Let’s now take a look at what we need.  The following table is based upon estimated energy requirement (EER) from the “Institute of Medical Dietary Reference”.

                     GENDER VS. AGE VS. NEEDED CALORIES 

Child 2 to 3 1000 1000 to 1400 1000 to 1400
Female 4 to 8 1200 1400 to 1600 1400 to 1800
  9  to 13 1600 1600 to 2000 1800 to 2000
  14 to 18 1800 2000 2400
  19 to 30 2000 2000 to 2200 2400
  31 to 50 1800 2000 2200
  51+ 1600 1800 2000 to 2200
Male 4 to 8 1400 1400 to 1600 1600 to 2000
  9 to 13 1800 1800 to 2200   2000 to 2600
  14 to 18 2200 2400 to 2800 2800  to 3200
  19 to 30 2400 2600 to 2800 3000
  31 to 50 2200 2400 to 2600 2800  to 3000
  51+ 2000 2200 to 2400 2400 to 2800


  1. Sedentary means a lifestyle that includes only the light physical activity associated with typical day-to-day life.
  2. Moderately active means a lifestyle that includes physical activity equivalent to walking about 1.5 to 3 miles per day at 3 to 4 miles per hour, in addition to the physical activity associated with typical day-to-day life.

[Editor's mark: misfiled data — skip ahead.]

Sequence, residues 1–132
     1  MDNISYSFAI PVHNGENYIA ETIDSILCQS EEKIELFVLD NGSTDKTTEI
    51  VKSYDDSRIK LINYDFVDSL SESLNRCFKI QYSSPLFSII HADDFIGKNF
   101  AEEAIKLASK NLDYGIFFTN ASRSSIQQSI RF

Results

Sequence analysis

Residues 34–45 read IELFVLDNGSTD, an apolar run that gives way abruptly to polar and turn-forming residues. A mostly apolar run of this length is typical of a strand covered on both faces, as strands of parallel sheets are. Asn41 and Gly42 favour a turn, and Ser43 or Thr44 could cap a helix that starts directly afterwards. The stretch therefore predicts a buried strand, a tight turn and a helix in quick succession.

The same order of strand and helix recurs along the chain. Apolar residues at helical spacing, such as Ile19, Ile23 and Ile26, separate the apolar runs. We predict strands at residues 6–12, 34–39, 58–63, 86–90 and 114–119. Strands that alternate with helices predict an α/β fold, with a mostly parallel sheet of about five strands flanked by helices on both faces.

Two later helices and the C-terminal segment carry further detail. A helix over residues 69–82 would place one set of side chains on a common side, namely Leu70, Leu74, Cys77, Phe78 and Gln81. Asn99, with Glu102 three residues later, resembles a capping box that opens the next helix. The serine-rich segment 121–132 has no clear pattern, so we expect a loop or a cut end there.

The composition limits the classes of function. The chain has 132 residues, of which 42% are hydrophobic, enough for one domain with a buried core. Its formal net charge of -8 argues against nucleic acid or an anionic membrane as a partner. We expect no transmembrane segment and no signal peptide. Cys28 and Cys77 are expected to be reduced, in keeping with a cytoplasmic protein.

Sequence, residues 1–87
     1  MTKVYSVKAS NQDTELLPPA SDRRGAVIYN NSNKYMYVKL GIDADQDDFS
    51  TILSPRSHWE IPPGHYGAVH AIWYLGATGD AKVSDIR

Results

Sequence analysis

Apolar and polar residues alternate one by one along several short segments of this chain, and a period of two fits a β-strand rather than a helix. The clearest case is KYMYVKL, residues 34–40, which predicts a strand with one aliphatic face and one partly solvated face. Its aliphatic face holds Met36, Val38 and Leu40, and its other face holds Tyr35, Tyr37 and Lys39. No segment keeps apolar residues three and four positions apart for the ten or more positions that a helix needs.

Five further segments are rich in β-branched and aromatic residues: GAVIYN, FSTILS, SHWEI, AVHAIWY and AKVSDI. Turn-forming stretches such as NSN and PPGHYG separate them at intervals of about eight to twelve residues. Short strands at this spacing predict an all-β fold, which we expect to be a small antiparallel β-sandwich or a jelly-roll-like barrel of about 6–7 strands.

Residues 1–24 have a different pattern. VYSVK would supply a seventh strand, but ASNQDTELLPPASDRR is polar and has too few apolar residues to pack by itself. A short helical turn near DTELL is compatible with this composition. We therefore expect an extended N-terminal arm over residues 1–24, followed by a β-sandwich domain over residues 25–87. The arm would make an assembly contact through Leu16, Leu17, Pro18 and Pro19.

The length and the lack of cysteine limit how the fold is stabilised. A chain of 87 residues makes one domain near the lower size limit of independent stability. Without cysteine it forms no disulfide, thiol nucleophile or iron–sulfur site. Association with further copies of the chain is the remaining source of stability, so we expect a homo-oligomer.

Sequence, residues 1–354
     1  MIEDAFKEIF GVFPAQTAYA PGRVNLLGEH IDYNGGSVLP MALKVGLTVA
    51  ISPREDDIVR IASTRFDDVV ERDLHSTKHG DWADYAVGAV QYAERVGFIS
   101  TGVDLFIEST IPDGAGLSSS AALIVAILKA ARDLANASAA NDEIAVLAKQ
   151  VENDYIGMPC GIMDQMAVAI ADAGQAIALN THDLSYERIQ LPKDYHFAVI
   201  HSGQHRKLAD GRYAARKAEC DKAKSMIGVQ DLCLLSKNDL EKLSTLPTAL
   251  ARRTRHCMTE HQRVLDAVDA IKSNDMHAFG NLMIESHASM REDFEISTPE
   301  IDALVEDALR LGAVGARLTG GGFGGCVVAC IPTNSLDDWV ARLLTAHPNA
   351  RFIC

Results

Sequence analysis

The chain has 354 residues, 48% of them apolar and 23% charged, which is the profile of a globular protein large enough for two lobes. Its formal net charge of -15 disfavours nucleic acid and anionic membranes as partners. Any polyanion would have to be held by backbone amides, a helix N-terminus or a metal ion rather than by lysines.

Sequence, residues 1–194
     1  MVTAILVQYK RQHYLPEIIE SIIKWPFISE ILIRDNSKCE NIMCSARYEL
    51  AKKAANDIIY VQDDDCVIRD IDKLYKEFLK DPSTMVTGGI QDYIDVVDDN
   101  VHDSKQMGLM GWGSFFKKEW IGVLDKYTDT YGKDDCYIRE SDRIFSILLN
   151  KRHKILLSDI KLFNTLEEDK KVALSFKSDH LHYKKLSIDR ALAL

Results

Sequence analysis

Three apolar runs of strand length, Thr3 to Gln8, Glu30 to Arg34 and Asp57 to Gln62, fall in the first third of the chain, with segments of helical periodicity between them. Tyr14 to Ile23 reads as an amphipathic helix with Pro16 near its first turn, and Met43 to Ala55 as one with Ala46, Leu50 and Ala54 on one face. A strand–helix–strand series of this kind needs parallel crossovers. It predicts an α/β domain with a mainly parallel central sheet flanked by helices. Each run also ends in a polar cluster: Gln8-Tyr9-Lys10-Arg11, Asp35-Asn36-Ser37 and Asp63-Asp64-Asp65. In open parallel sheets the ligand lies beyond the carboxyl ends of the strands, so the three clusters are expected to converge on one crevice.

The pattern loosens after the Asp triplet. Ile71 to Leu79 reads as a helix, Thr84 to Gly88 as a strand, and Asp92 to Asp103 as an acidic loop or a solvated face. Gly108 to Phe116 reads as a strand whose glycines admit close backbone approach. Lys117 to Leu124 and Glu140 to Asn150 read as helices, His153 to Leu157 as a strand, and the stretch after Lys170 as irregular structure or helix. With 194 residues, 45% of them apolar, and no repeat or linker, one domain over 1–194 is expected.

3. Active means a lifestyle that includes physical activity equivalent to walking more than 3 miles per day at 3 to 4 miles per hour, in addition to the light physical activity associated with typical day-to-day activity.

As you can see, the need for caloric intake is quite different between the three lifestyles.   For the sedentary and moderately active individuals, the caloric needs drop as we age.  The active individuals can consume more calories, even as they age.  Looking at several “popular offerings”, we find the following:

  • Outback  Blooming Onion         787 calories  70.3 fat grams
  • McDonald’s Quarter Pounder 430 calories   190 fat grams
  • “Biggie Fries”                                 610 calories    260 fat grams
  • Medium Pepperoni Pizza          340 calories    170 fat grams
  • Beef   Pot Pie                                   525 calories    30   fat grams
  • One Piece of Blueberry Pie       380 calories    17   fat grams
  • One Piece of Carrot Cake           385 calories    21   fat grams
  • 1 Croissant                                      235 calories    12   fat grams
  • 1 Doughnut                                     235 calories     13   fat grams
  • 1 Slice of Pecan Pie                      575 calories     32   fat grams
  • 1 Taco                                               195 calories      11   fat grams